Cloud computing costs: IFRS compared to US GAAP
Cloud computing costs: IFRS compared to US GAAP
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Cloud computing costs: IFRS compared to US GAAP

Accounting for cloud computing fees and implementation costs may differ under IFRS and US GAAP.

From the IFRS Institute – May 31, 2019

Customers face two accounting issues in relation to software as a service (SaaS) arrangements which IFRS, unlike US GAAP, does not explicitly address – the accounting for (1) fees paid to the SaaS provider and (2) related implementation costs. The IFRS Interpretations Committee recently provided clarification on some aspects of the first issue, but not the second. Meanwhile, the FASB issued US GAAP guidance with no IFRS equivalent that requires capitalizing certain implementation costs and specifies their presentation. As dual reporters begin to adopt the new US GAAP guidance, it may be a good time to consider how SaaS arrangements are accounted for under IFRS.

Cloud computing and SaaS arrangements

A SaaS arrangement is a type of cloud computing arrangement in which the supplier (the cloud service provider) provides the customer access to application software residing on the supplier’s or a third-party’s cloud infrastructure. The infrastructure comprises a collection of hardware and software, including network, servers, operating systems and storage. SaaS arrangements are prevalent across all sectors and are expected to continue to grow.1

The customer generally cannot take possession of the software. Instead, the customer accesses and uses the software on an as-needed basis over the internet or via a dedicated line. SaaS arrangements typically have an initial non-cancellable period with options for the customer to extend the term. The associated fees, which are generally paid periodically throughout the contract term, may be variable (e.g. usage-based) and the rates could change from period to period or could include tiered pricing based on volume.

It is also common for the customer to incur implementation costs at the inception of SaaS arrangements. Depending on a number of factors, including the amount of data to be migrated and complexity of a company’s existing applications and data, these implementation costs may be significant. While neither US GAAP nor IFRS contain a definition of implementation costs, usually those include costs to customize or configure the software, develop and implement interfaces between the company’s existing systems and the SaaS solution and convert or migrate existing data for use by the SaaS solution. These costs may be paid by the customer to the SaaS provider (either together with ongoing hosting fees or separately), paid to an unrelated third party (e.g. consultant) or incurred internally.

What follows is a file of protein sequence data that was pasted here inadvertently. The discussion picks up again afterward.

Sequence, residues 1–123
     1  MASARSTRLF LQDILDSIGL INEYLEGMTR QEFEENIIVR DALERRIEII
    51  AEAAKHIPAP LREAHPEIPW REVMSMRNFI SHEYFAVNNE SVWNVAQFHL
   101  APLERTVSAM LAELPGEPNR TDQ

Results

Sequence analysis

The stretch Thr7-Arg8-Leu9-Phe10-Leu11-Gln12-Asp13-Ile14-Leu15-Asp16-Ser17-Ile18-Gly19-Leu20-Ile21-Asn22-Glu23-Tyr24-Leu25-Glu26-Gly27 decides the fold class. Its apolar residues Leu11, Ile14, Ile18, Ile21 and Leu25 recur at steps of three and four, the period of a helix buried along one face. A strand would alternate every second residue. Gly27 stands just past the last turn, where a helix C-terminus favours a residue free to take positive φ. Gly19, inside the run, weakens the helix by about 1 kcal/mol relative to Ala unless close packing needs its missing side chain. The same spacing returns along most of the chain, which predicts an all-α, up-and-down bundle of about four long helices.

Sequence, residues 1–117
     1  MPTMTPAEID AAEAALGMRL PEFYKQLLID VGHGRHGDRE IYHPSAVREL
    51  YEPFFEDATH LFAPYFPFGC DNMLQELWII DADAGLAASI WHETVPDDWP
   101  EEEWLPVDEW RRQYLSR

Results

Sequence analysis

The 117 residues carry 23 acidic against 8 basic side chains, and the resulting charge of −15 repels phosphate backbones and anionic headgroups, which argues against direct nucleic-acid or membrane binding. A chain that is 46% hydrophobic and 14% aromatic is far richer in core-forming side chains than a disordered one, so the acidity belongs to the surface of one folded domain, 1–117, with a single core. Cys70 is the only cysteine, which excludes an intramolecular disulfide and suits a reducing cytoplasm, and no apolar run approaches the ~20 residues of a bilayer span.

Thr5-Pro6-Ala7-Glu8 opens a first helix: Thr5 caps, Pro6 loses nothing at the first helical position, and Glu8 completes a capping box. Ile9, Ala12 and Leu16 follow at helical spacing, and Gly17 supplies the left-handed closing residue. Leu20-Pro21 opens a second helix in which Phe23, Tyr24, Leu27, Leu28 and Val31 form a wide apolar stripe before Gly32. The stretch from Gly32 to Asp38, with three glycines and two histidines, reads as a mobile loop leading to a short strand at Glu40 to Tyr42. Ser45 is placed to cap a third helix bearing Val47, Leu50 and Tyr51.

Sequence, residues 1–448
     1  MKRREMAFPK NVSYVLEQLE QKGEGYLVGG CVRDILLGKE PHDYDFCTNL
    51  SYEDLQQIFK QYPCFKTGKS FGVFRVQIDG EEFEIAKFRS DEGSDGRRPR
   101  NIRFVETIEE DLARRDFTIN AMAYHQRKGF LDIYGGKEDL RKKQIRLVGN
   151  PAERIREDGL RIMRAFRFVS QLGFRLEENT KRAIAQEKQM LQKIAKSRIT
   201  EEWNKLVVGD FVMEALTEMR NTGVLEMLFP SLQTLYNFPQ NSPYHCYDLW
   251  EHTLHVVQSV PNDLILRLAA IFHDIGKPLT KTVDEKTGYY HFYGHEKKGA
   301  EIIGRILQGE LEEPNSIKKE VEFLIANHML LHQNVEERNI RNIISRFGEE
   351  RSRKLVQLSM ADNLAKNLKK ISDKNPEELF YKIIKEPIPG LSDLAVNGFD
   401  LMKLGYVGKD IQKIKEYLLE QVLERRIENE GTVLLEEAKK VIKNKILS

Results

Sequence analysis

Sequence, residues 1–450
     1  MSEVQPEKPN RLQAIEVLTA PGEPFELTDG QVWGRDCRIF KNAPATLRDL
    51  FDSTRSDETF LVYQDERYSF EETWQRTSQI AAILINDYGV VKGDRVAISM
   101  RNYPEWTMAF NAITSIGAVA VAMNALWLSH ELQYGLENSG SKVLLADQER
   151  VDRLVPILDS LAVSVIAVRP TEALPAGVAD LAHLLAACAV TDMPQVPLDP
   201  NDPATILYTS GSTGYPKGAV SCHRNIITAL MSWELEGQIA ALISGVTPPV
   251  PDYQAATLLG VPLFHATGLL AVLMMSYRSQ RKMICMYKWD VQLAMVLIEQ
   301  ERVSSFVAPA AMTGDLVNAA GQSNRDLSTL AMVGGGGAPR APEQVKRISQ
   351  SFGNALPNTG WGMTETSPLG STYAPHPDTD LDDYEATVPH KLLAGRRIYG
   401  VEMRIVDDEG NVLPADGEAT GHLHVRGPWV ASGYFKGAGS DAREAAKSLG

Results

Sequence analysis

Intangible asset or service arrangement: why does it matter?

IFRS does not have specific guidance on SaaS arrangements, and therefore it is often difficult to assess whether the customer should recognize the right to use the software as an intangible asset or should account for the arrangement as a service contract.

This determination affects the timing of recognition of the costs, along with metrics such as capex spending or EBITDA. It requires judgment considering the terms and conditions of the agreement.

  • Under the software asset model, up-front fees are capitalized when the criteria of IAS 38 are met. The present value of future fixed fees to be paid under the arrangement are capitalized and a corresponding financial liability is recorded. The intangible asset is amortized on a systematic basis over its useful life with amortization expense recognized in profit or loss. The amortization method reflects the pattern in which the asset’s future economic benefits are expected to be consumed, which is generally the straight-line method. Interest expense on the financial liability is accrued over the term of the arrangement (effective interest method under IFRS 9).
  • Under the service model, fees are expensed as services are received. The only amounts recognized on the balance sheet are those that result from the application of accrual accounting – e.g. a prepaid asset for fees paid in advance of services being received, or a liability for services received but not paid at the reporting date.